September 01, 1975 12:00 PM

From the stewardesses in the Back Bay dating bars to the tourists thronging the historic Freedom Trail, the whole town of Boston is talking about that Lynn kid and that Rice kid. Fred Lynn is a fleet, 23-year-old left-handed rookie centerfielder with the Red Sox. Jim Rice is a powerful, 22-year-old right-handed rookie left fielder on the same club. This season, the two new boys of summer have struck like a line drive off the “Green Monster” wall of Boston’s Fenway Park. They have socked the Sox to the highest hitting average in the majors and are personally crowding the American League leaders in doubles, home runs, runs scored, runs batted in and batting. Strong candidates for the Most Valuable Player award—no rookie in either league has ever won it—Lynn and Rice may be the most talented pair of newcomers to play on a single club in the postwar era.

Though they are prime catalysts behind the Sox surge from third place last year to the top of the American League East nearly all this season, neither Fred Lynn nor Jim Rice is at all awed—or even surprised—by success in the majors. “It’s just another step up the ladder,” says the cocky Lynn, a clean-cut, former USC All-America. “After winning the Triple Crown [runs batted in, homers, batting average] last year at Pawtucket and being named Minor League Player of the Year,” says the 6’2″, 200-pound Rice, “I knew I’d make it.”

Lynn and Rice, who each earn about $20,000 a season, exhibit the quiet confidence that bodes well for the Sox, a team with a reputation for “choking” down the stretch. “To hit, you just gotta swing the bat,” says Rice matter-of-factly. “Both will have no trouble handling stardom,” predicts old Boston star and coach Johnny Pesky, one of the league’s prime batting teachers. “They know how to take the ups and downs in stride.”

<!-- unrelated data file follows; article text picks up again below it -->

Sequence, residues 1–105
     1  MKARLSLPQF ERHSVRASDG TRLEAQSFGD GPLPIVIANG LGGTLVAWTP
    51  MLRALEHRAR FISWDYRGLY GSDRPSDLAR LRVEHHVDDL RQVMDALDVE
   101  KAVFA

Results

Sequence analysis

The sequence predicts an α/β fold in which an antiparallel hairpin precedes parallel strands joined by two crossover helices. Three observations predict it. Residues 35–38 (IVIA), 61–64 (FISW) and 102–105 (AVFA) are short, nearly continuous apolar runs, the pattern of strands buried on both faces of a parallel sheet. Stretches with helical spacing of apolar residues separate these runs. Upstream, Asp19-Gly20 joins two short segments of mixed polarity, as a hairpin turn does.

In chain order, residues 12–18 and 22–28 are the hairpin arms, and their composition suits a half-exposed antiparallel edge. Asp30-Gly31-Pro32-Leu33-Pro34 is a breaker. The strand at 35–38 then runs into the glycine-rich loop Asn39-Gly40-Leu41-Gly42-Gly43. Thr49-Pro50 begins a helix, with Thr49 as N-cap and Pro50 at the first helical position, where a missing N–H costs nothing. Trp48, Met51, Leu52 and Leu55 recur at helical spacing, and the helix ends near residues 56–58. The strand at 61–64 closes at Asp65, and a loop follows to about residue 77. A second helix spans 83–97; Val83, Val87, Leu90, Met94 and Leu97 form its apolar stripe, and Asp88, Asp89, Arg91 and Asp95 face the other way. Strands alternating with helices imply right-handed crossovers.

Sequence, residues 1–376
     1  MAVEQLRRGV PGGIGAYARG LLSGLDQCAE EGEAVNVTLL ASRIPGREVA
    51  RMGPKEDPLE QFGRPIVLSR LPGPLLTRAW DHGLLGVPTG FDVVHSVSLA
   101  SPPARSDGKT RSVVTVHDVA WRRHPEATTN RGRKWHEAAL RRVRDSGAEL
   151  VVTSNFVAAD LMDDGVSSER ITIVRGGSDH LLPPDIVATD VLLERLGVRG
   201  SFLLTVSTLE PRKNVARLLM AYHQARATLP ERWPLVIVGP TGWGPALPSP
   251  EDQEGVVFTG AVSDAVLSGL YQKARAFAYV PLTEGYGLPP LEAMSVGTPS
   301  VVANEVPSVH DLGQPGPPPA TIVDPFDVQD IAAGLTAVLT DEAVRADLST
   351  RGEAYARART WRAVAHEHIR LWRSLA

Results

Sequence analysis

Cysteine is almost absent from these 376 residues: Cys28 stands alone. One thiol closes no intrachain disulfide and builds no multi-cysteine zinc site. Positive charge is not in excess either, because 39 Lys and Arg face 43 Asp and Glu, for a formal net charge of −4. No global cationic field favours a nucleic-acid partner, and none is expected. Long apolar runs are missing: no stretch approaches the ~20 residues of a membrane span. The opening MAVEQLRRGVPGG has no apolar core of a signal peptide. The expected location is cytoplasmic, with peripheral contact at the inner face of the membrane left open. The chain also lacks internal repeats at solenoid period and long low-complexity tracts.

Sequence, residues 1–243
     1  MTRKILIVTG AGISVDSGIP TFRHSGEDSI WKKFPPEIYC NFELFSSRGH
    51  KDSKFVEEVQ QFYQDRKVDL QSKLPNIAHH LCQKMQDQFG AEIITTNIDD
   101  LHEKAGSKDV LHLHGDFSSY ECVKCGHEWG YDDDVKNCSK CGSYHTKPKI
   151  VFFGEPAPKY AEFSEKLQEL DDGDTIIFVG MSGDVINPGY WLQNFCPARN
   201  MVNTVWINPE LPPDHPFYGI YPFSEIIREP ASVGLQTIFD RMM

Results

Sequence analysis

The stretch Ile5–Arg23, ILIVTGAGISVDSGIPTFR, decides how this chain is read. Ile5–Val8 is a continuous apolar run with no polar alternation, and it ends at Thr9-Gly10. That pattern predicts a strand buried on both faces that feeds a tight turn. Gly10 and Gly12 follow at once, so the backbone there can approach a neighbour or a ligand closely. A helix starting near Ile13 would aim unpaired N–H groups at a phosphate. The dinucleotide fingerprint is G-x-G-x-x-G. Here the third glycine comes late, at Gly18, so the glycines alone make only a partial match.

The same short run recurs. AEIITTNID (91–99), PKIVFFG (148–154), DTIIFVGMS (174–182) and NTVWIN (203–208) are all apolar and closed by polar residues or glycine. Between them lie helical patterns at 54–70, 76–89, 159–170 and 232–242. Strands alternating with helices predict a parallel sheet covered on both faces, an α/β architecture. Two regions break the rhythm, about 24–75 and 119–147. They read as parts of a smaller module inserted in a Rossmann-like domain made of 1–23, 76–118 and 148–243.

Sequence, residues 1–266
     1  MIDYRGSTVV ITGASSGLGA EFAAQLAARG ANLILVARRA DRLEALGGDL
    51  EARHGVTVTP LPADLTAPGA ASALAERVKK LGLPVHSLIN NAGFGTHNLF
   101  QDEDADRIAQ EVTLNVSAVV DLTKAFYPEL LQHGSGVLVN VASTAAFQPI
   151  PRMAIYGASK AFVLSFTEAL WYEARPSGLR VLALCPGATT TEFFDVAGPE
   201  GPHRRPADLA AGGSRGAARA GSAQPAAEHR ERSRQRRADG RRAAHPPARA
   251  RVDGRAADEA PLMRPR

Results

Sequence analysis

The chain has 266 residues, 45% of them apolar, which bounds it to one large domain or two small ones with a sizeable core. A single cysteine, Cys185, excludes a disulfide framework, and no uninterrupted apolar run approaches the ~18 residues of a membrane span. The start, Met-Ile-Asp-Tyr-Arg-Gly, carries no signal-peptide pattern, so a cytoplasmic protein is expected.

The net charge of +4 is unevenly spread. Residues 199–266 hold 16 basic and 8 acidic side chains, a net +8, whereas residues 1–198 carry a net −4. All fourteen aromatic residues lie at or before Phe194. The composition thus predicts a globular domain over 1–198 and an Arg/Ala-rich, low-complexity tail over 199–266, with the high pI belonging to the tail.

Rice, Boston’s first choice in the draft of amateurs in June 1971, has known little but ups since his childhood in Anderson, S.C. (pop. 27,600), where he was the fourth of nine children of a fishing-rod plant supervisor. He was a 10-letterman in high school, where he met wife Corine, now 22, when both were basketball players. “Rice,” as his wry doll-sized wife refers to him, “is still better than I am.” Boston for the Rices has meant two revelations: Chinese food and the local expressway roulette. “To survive you gotta drive just like them,” says Jim ruefully. Both enjoy bowling, and Corine also got Rice into the craft of rug-hooking, “to stop his grumbling in the off-season.”

The 6’1″, 185-pound Lynn, an only child, grew up in El Monte, Calif., where he also starred at football and basketball and met Diane (“Dee Dee”) Minkle, the blond archetypical California cheerleader and homecoming queen he married last year. He also has found Boston’s urban pace a bit frenetic, and the Lynns’ acclimatization to the East was not eased when, shortly after being called up to the Red Sox, their fully equipped live-in van was stolen, and with it, Fred’s elaborate camera equipment. But he has at least discovered ponds within commuting distance where the bass bite. “I catch ’em, and eat ’em too,” he smiles. He also golfs, shooting in the 70s, and when he gets nostalgic for California, Lynn hunkers down with his collection of Beach Boys records.

“If I stay healthy, I’ll be here a long time,” says Rice confidently.

“Right now I’m thinking only about this season” says Lynn, but he adds with similar rookies’ bravado, “I plan to stay right here in Boston until mid-October.” That, of course, coincides with World Series time.

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